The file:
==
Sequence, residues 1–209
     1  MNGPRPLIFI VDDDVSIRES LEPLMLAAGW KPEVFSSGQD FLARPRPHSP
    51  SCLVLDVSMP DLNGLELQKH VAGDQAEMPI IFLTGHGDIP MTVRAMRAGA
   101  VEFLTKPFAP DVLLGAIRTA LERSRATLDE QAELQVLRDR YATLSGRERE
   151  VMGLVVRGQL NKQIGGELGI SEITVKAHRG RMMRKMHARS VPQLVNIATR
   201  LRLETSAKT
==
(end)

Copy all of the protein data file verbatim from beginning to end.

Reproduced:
Sequence, residues 1–209
     1  MNGPRPLIFI VDDDVSIRES LEPLMLAAGW KPEVFSSGQD FLARPRPHSP
    51  SCLVLDVSMP DLNGLELQKH VAGDQAEMPI IFLTGHGDIP MTVRAMRAGA
   101  VEFLTKPFAP DVLLGAIRTA LERSRATLDE QAELQVLRDR YATLSGRERE
   151  VMGLVVRGQL NKQIGGELGI SEITVKAHRG RMMRKMHARS VPQLVNIATR
   201  LRLETSAKT